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Science of shopping helps small businesses take on retail giants

Small businesses are using new tactics to take on big box stores and major online retailers ahead of the busy holiday season.

There are fewer than 90 shopping days until Christmas, and while that may make some of us cringe, it is the reality small town retailers are preparing for right now.

In the never-ending battle against the big box and online stores, Main Street businesses are taking on new tactics to get people to shop locally.

"Small town charm is the number one thing they have going for them," said Seanette Corkill. "Corporate America realizes that, but they don't. We're here to remind them of that."

Corkill and Anne Marie Luthro run Frontdoor Back. The store design and visual merchandising consultancy breaks down the science of shopping for small business owners.

Corkill and Luthro advise with lighting, flow, and product placement, but they say getting people inside your store is about much more.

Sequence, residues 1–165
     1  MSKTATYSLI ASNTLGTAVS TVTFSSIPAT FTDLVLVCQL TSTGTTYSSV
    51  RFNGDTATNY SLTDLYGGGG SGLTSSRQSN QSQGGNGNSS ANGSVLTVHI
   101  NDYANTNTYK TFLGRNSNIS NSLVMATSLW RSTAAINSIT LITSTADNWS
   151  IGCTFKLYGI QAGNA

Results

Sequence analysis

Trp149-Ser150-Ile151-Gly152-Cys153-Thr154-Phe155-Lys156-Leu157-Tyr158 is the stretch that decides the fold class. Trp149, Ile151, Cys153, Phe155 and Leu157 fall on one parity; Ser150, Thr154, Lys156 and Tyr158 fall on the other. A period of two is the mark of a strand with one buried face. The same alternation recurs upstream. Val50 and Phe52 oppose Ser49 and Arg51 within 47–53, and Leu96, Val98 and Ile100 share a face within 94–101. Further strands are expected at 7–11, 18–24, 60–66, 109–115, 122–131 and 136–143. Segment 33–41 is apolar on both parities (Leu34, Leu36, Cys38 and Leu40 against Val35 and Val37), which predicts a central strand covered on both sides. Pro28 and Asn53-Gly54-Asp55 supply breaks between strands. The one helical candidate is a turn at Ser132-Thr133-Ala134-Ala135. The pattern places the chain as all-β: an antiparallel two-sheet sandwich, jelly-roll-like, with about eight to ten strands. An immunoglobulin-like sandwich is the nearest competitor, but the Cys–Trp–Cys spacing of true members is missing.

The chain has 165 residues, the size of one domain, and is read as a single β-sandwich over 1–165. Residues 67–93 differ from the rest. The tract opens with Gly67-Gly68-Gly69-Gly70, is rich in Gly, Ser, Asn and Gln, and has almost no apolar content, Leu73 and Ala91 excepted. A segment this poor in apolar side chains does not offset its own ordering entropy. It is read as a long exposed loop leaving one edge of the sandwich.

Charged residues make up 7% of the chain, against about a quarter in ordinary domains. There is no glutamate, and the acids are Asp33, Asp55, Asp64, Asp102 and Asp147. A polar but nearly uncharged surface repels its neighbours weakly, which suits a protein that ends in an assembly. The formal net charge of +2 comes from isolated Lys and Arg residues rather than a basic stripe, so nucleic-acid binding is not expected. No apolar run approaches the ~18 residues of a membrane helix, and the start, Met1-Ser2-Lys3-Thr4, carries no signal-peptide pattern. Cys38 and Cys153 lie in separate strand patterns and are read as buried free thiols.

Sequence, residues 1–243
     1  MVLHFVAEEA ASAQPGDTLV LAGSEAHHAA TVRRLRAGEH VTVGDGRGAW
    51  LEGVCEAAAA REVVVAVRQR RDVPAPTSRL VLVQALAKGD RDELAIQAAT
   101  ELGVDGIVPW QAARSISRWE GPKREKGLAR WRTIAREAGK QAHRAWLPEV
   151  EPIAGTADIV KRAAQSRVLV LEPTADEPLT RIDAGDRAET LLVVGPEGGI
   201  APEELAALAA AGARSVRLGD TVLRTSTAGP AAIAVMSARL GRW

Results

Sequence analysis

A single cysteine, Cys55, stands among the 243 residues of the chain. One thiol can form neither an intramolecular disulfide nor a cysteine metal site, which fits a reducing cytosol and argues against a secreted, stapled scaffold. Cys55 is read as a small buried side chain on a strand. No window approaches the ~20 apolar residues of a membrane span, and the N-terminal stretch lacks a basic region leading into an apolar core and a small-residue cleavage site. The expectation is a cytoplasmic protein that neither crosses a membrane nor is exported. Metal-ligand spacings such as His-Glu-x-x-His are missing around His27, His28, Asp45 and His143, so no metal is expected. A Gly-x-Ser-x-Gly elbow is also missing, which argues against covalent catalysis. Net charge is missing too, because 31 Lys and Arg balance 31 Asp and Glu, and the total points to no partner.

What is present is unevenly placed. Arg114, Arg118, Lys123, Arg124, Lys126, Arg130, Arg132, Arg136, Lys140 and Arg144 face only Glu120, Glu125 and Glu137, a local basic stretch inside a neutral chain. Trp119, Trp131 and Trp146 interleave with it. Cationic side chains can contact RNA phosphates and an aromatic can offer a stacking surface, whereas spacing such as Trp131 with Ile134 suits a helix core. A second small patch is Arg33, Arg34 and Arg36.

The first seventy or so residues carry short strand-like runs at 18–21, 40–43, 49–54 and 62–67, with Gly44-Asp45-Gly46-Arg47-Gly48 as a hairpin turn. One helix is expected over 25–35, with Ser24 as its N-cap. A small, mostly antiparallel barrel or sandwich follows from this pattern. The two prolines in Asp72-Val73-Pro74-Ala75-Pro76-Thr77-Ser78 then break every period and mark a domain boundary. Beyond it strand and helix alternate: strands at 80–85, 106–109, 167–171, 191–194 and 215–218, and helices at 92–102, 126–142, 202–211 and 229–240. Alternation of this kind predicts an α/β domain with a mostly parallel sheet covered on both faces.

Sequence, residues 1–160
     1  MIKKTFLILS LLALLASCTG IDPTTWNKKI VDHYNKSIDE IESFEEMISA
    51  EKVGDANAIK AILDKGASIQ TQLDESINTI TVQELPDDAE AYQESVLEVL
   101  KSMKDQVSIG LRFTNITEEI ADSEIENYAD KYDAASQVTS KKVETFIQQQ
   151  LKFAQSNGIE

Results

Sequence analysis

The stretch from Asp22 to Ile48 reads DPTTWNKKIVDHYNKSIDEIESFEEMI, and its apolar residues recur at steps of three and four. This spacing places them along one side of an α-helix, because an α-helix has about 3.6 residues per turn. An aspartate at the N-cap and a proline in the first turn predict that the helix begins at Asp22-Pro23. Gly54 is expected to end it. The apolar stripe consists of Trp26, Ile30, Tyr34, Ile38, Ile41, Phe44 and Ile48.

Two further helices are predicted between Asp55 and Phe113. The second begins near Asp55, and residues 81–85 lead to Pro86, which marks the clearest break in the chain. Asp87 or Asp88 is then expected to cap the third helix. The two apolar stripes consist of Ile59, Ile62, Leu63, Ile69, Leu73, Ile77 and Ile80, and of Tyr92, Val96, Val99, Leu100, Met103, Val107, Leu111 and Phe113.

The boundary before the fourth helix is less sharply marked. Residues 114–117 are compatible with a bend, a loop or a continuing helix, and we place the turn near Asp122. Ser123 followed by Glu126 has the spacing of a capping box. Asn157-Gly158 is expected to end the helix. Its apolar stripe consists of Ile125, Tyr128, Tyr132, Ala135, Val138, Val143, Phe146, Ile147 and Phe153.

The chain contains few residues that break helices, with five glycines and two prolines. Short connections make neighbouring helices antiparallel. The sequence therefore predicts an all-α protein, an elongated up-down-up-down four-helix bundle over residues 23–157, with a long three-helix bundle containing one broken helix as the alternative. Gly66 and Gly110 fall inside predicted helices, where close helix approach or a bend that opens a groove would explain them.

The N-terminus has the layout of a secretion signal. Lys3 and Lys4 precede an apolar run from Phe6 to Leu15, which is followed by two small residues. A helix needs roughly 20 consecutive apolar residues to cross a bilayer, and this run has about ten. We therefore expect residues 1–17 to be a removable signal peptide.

"It is not just about the product that you're selling. It's about the experience people are going to have buying that product and the piece of you they're going to take back," said Corkill. "That piece of you is going to be a memory. What do you want that memory to be?"

As the two inspect the fashionable racks and displays at C'est La Vie gifts in Edmonds, they spy a collection of winter coats being gathered for local refugees.

"This is practicing what you preach as a Main Street retailer," said Corkill. "This is what sets you apart."

The partners say as the holidays approach, small businesses must offer things you can't get on Amazon, like free assembly, one-on-one consultations, or connections to the community through charitable giving.

"You want people to know you for something. Is it something they smell, something they feel? That translates to an experience," said Corkill.

C'est La Vie offers little extras like occasional wine tastings with Arista Wine Cellars located right next door.

Owner Roger Clayton says the idea is for shoppers to experience two businesses at once.

"If we can we can bring in a couple, a husband and wife team, and she buys something over there, and he buys something over here -- or vice versa -- we all win."

Corkill and Luthro say many significant retailers actively try to copy the nuances of shops like those in Edmonds. They advise small retailers to embrace their size and position in the market.

"You can't compete with Amazon," said Luthro. "You don't need to. People come to Main Street because they want something special. We have to give it to them."

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